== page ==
By Jay Posner
UNION-TRIBUNE STAFF WRITER
May 8, 2006
Reggie Jackson doesn't know if Barry Bonds used steroids. But he knows what should happen if it's proved Bonds – or anyone – did.
“They should either asterisk or footnote it in some way,” the former baseball great said yesterday at Petco Park. “I don't know what you do about players that are out of the game, but if there is some kind of conviction, hard evidence, that they find is real, then there should be adjustments made and careers should be affected.”
That includes membership in the Baseball Hall of Fame, to which Jackson was inducted in 1993.
“I think if people are proven guilty to be involved with steroids, then they probably shouldn't be Hall of Famers,” Jackson said. “But until you can prove that, it's just a bunch of speculation. . . . Because a guy's accused or kind of looks the part, that's not reason enough to assume guilt.
“So I think you need data, you need facts. If you get facts, then you can brand, you can make a decision on what you're going to do.”
Jackson was at Petco on behalf of the annual Aflac All-American High School Baseball Classic, which will be played Aug. 12 at Tony Gwynn Stadium (and which he will serve as honorary chairman). At a pregame news conference, he warned young players – including Francis Parker High shortstop Nick Noonan and Mission Bay High outfielder Sequoyah Stonecipher, who were selected for the game – not to mess with steroids.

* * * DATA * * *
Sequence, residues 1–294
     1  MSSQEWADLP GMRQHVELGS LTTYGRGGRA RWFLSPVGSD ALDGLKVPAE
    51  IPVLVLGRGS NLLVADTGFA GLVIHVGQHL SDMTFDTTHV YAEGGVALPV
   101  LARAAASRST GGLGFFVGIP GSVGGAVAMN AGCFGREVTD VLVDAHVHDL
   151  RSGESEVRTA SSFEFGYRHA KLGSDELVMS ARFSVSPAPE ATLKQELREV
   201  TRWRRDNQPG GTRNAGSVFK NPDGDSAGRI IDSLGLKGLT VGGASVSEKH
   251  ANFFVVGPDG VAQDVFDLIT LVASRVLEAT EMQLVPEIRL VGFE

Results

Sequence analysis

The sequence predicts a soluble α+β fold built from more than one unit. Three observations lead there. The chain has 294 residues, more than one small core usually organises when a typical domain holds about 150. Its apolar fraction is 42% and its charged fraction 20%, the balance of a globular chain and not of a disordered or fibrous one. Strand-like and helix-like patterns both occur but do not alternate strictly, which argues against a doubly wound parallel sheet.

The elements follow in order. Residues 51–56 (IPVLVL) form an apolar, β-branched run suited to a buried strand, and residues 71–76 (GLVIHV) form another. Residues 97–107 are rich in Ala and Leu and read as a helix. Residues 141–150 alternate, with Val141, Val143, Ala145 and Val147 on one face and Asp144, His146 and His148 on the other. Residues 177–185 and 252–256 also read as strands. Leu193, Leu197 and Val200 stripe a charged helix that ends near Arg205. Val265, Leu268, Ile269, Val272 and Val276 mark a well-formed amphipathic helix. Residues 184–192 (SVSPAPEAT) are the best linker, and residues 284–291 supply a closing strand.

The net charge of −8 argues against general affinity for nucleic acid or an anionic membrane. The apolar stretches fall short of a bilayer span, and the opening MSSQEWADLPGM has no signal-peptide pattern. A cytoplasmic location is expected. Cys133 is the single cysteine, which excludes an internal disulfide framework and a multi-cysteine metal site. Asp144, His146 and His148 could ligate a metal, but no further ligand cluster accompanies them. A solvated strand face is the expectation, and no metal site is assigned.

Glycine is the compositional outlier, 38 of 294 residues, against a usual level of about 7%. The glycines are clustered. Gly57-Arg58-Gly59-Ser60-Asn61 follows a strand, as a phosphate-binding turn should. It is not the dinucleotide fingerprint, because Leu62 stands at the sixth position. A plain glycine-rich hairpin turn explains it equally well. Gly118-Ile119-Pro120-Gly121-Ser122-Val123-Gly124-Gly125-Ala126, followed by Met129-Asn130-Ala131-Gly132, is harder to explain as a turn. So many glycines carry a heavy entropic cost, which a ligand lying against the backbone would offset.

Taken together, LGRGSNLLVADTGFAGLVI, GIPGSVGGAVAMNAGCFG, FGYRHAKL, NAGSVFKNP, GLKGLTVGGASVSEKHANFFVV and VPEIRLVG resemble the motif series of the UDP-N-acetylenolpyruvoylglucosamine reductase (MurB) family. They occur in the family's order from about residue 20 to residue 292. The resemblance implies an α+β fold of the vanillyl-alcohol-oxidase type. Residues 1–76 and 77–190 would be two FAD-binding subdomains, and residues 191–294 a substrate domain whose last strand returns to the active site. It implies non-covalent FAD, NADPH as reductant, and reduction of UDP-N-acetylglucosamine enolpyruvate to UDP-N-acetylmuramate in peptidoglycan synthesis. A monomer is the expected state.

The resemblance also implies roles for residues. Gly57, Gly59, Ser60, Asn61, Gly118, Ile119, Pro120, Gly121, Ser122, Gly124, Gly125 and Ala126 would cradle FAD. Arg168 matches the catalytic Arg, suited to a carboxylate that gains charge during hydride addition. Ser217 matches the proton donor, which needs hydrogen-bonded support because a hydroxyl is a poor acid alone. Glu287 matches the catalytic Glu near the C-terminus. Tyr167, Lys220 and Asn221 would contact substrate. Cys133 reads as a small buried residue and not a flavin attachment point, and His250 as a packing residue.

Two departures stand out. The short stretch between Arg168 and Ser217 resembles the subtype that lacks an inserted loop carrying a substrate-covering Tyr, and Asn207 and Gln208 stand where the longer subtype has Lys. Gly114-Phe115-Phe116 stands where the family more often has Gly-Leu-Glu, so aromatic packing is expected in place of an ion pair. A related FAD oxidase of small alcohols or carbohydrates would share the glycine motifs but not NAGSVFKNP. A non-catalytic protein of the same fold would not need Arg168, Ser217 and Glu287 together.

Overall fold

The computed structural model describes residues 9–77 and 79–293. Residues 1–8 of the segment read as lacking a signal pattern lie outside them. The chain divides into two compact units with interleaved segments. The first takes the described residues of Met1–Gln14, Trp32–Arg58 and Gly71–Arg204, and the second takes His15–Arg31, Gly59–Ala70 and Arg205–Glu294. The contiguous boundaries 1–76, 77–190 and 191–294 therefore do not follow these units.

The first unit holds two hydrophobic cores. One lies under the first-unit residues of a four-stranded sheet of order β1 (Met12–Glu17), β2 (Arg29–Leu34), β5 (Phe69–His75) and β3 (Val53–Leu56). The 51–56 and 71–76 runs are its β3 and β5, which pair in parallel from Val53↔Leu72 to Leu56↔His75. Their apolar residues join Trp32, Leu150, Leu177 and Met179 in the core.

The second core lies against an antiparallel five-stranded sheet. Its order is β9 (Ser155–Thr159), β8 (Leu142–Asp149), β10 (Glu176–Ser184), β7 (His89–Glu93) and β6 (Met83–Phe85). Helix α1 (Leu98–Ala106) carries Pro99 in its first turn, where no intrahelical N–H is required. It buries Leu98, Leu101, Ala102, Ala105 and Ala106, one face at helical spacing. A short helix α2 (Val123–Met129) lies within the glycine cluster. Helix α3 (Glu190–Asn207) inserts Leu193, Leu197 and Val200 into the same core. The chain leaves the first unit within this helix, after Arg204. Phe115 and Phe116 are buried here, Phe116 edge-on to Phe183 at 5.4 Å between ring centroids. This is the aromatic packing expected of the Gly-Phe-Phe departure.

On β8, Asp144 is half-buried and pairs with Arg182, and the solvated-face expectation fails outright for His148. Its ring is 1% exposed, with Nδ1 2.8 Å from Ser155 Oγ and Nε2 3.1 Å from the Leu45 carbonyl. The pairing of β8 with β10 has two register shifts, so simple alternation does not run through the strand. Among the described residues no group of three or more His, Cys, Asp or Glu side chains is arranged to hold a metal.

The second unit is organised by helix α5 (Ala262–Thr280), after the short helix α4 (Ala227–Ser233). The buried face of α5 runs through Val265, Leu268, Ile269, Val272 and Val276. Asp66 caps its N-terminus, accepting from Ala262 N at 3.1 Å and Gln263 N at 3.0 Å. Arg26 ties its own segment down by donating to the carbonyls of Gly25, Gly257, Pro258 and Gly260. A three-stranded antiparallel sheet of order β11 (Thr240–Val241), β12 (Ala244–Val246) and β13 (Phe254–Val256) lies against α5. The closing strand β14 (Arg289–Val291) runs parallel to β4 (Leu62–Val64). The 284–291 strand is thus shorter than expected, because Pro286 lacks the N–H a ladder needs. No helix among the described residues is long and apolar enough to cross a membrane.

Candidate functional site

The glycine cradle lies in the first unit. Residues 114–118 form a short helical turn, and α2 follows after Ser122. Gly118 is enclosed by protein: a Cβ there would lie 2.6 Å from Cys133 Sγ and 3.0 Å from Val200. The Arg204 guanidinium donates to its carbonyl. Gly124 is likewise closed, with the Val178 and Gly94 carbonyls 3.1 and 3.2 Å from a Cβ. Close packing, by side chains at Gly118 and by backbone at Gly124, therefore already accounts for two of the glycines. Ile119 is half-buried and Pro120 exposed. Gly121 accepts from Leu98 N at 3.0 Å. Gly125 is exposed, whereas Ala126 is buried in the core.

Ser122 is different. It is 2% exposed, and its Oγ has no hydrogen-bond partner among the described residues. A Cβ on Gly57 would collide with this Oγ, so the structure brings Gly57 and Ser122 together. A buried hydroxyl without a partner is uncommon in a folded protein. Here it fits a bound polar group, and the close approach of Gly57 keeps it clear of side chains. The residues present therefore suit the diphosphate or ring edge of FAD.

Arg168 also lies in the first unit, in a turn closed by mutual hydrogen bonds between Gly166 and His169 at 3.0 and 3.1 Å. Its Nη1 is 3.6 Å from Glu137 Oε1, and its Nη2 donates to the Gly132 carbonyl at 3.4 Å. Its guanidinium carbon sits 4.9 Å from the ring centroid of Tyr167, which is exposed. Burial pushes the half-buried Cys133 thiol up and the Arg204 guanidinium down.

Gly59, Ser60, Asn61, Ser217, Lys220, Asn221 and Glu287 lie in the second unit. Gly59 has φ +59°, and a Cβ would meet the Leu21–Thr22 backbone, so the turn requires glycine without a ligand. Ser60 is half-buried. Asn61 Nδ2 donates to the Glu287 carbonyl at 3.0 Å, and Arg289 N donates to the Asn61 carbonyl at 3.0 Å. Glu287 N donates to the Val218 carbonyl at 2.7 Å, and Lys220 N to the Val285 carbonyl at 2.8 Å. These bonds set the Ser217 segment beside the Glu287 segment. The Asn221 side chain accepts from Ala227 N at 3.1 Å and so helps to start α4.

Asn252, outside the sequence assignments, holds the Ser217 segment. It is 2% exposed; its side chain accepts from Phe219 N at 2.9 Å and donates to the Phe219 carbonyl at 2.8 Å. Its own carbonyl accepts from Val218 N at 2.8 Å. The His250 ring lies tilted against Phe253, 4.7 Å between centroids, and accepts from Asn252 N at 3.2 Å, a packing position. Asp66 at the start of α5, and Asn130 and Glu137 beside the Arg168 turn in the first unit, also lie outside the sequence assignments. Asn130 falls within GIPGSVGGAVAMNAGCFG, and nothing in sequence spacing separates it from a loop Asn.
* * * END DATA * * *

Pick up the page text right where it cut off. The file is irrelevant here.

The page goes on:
He also said he was aware of steroid use in baseball “from the late '80s. I think they got a little too commonplace in the '90s.” Among the factors he noted were more injuries and the bigger physiques of players.
The latter has been one factor cited by those who have accused Bonds of using steroids. But Jackson said, “Until they can prove it, prove the fact that he's taken steroids, I think it's unfair to single Bonds out. . . . While I would be totally against it and offended by somebody that cheated, there is no proof. I think we all need to reserve our finger-pointing until there's absolute conviction that this did happen.”
Still, Jackson admitted the steroid cloud over baseball is disturbing. He hit 563 home runs, putting him sixth all-time when he retired. But in recent years Bonds, Sammy Sosa, Mark McGwire and Rafael Palmeiro passed him. Steroid rumors have dogged all four, although only Palmeiro tested positive.
“I get angry and want to retort,” he said, “but I want to be careful because I don't want people to say, 'Well, he's just another old guy complaining.' But I went from being sixth all-time in 18 months to 10th. So it bothers me. It doesn't affect my legacy. It doesn't affect Willie Mays' legacy as the greatest player of all time.
“ . . . (But) it's part of America. And we're all part of that. When someone goes by that and it's tainted and there are questions, it's even hurt us with the accusations. So there needs to be a definitive quest to find out if it really happened. Then if it really happened, then to do something about it.”